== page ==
Searching over 5,500,000 cases.


searching
Buy This Entire Record For $7.95

Download the entire decision to receive the complete text, official citation,
docket number, dissents and concurrences, and footnotes for this case.

Learn more about what you receive with purchase of this case.

KRAMER v. SHOWA DENKO K.K.

June 20, 1996

NOEL and CARYLL KRAMER, Plaintiffs, against SHOWA DENKO K.K., Defendant.

David N. Edelstein, U.S.D.J.


The opinion of the court was delivered by: EDELSTEIN

EDELSTEIN, District Judge:

 Currently pending before this Court are the parties' respective dispositive motions in the instant products-liability litigation. Defendant Showa Denko K.K. ("defendant" or "SDK") moves this Court for partial summary judgment on plaintiffs' claims for punitive damages, lost-income damages, "actionable misrepresentations," and negligence. Plaintiffs Noel and Caryll Kramer ("plaintiffs" or "the Kramers") move this Court to collaterally estop defendant from denying at trial that its product caused plaintiffs' injuries and that its product was defective. This Court denies in part and grants in part defendant's motion for partial summary judgment. This Court also denies in full plaintiffs' motion for collateral estoppel.

 BACKGROUND

 This is a products liability action brought pursuant to this Court's diversity jurisdiction under Title 28, United States Code, ยง 1332. Plaintiffs, New York citizens, allege that Noel Kramer suffered personal injuries from impurities contained in the product L-tryptophan ("LT"), which was manufactured and sold by defendant, a company organized under the laws of Japan. Plaintiffs' Amended Complaint asserts claims of strict liability, negligence, "actionable misrepresentation," breach of warranty, and loss of consortium. (Amended Complaint, Kramer v. Showa Denko K.K., 91 Civ. 0582 ("Amended Complaint"), at 2-4 (Nov. 7, 1995)). Plaintiffs seek compensatory damages, including damages for loss of consortium and lost income, and punitive damages. Id. at 2-4.

 Defendant disputes plaintiffs' claims and sets forth seven affirmative defenses: (1) plaintiffs' Complaint fails to state a claim upon which relief can be granted; (2) defendant's products conformed to the current state of medical, scientific, and industrial knowledge, art, and practice at the time of the products' manufacture and sale, and thus defendant could not reasonably know that the products might pose a risk of harm in normal foreseeable use; (3) plaintiffs' injuries were proximately caused by either plaintiffs' own fault, or by the negligence, fault, or defective products of persons over whom defendant had no control and for whom defendant is not responsible; (4) plaintiffs' injuries were caused by medical idiosyncrasies peculiar to plaintiffs that were unknown, unknowable, or not reasonably foreseeable to defendant; (5) defendant's product was generally recognized by experts as safe at the time it was manufactured and sold; (6) if plaintiffs' alleged injuries resulted from improper use, assumption of risk, or contributory negligence with respect to any product manufactured by defendant, then plaintiffs may not recover from defendant; and (7) plaintiffs' claim for punitive damages violates defendant's constitutional rights under the Due Process and Equal Protection Clauses of the United States Constitution and the corresponding provisions of the Constitution of the State of New York. (Amended Answer, Kramer v. Showa Denko K.K., No 91 Civ. 0582, ("Amended Answer") at 2-5 (Nov. 16, 1996).)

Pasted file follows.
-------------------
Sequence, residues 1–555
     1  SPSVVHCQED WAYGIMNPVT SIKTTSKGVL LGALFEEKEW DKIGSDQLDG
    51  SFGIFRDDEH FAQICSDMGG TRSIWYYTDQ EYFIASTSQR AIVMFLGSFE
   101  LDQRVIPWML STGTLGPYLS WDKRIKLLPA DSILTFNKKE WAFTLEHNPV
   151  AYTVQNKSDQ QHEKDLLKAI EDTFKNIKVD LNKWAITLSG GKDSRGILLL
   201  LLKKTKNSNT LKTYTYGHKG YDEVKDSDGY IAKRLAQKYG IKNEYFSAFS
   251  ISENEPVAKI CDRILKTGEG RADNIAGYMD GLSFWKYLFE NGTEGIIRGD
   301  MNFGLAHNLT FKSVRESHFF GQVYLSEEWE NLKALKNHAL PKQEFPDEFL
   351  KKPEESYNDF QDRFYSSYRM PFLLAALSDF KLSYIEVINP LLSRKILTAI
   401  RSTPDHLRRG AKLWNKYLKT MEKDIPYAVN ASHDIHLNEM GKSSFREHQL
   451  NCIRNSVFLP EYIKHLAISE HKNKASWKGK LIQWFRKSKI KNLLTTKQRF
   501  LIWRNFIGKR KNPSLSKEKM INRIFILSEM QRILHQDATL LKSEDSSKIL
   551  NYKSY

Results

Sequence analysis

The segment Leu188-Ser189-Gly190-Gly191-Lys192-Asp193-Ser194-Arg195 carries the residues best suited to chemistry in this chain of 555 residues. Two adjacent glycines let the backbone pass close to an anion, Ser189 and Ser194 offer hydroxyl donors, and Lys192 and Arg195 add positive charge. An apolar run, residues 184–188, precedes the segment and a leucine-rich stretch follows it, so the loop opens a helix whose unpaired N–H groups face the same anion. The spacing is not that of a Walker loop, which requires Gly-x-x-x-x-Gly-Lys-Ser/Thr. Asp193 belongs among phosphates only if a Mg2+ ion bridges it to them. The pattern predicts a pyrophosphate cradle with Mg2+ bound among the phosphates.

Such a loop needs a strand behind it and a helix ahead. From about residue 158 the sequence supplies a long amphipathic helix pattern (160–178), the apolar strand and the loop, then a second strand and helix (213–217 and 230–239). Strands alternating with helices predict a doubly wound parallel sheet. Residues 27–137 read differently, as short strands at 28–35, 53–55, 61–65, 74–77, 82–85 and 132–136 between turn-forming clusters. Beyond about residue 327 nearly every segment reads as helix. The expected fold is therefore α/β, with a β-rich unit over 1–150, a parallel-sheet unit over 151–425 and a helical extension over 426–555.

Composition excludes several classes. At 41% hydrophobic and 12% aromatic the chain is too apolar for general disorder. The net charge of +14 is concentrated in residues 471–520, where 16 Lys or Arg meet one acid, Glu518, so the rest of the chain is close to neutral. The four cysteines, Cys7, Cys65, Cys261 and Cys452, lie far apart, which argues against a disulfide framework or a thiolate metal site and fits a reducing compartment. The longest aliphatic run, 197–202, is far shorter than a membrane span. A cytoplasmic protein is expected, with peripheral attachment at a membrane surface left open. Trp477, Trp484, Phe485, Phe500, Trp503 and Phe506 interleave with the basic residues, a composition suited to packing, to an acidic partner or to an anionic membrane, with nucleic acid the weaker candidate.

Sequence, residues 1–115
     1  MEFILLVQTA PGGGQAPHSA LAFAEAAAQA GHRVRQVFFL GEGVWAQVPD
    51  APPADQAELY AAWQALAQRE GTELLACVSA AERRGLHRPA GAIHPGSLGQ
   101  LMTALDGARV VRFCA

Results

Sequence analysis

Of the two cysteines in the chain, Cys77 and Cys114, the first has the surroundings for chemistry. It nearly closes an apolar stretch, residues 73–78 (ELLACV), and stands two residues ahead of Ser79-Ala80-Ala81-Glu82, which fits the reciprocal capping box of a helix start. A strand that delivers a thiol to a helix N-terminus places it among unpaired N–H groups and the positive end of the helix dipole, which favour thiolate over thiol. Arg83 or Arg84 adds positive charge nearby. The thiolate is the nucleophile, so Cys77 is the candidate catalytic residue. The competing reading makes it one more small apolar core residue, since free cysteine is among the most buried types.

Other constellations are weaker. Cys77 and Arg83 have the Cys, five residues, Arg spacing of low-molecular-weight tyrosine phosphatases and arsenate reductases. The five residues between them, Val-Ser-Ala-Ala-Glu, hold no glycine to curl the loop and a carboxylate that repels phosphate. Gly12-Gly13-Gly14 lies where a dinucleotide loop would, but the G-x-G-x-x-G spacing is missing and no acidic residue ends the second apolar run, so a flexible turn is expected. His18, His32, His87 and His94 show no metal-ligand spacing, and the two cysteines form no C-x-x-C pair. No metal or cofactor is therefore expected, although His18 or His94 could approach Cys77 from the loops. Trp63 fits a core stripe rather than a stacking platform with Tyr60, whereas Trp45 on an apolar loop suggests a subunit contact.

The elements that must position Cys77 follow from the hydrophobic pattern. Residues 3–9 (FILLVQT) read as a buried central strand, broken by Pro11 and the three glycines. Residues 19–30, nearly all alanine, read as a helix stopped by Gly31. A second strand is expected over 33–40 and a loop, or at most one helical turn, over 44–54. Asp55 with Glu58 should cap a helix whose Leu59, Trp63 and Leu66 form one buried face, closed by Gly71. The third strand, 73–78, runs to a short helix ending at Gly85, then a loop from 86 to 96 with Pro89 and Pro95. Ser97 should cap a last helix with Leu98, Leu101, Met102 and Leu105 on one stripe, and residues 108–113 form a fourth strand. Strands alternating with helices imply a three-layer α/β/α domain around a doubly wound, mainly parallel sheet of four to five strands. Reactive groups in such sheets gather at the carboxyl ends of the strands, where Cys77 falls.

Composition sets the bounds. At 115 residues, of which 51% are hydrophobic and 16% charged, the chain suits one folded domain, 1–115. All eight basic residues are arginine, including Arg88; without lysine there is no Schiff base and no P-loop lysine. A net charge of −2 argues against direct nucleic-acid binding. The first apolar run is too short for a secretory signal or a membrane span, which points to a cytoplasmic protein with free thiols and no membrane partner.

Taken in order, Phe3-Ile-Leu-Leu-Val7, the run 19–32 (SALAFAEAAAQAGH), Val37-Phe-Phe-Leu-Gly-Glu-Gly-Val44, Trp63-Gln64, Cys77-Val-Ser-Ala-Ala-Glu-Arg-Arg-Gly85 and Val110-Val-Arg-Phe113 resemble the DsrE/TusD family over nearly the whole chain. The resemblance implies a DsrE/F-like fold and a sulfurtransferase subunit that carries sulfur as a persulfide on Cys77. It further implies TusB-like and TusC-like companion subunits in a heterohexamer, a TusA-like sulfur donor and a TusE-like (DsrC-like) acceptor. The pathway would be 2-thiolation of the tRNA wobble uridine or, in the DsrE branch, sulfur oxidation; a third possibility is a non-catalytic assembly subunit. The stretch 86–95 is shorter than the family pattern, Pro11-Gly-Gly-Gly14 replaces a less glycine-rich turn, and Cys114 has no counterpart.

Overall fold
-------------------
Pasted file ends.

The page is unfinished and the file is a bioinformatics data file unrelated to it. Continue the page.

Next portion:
DISCUSSION

 Pursuant to this Court's Order, the parties respectively filed dispositive motions on May 1, 1996. Defendant moves this Court for partial summary judgment on several of plaintiffs' claims, and plaintiffs move this Court to collaterally estop defendant from raising certain issues at trial. This Court will address the parties' respective motions individually.

 I. Defendant's Motion for Partial Summary Judgment

 In the papers submitted to this Court, defendant moves for partial summary judgment on plaintiffs' claims for punitive damages, lost-income damages, "actionable misrepresentation," and negligence. (Memorandum of Law in Support of Defendant Showa Denko K.K.'s Motion for Partial Summary Judgment on Plaintiffs' Claims for Punitive Damages, Lost Income Damages, "Actionable Misrepresentations" and Negligence, Kramer v. Showa Denko K.K., 91 Civ. 0582 ("Defendant's Memo") at 1 (May 1, 1996).) Because defendant raises each of these claims pursuant to Federal Rule of Procedure 56 ("Rule 56"), this Court will review the legal principles governing Rule 56 motions before examining defendant's individual claims.

 A. Rule 56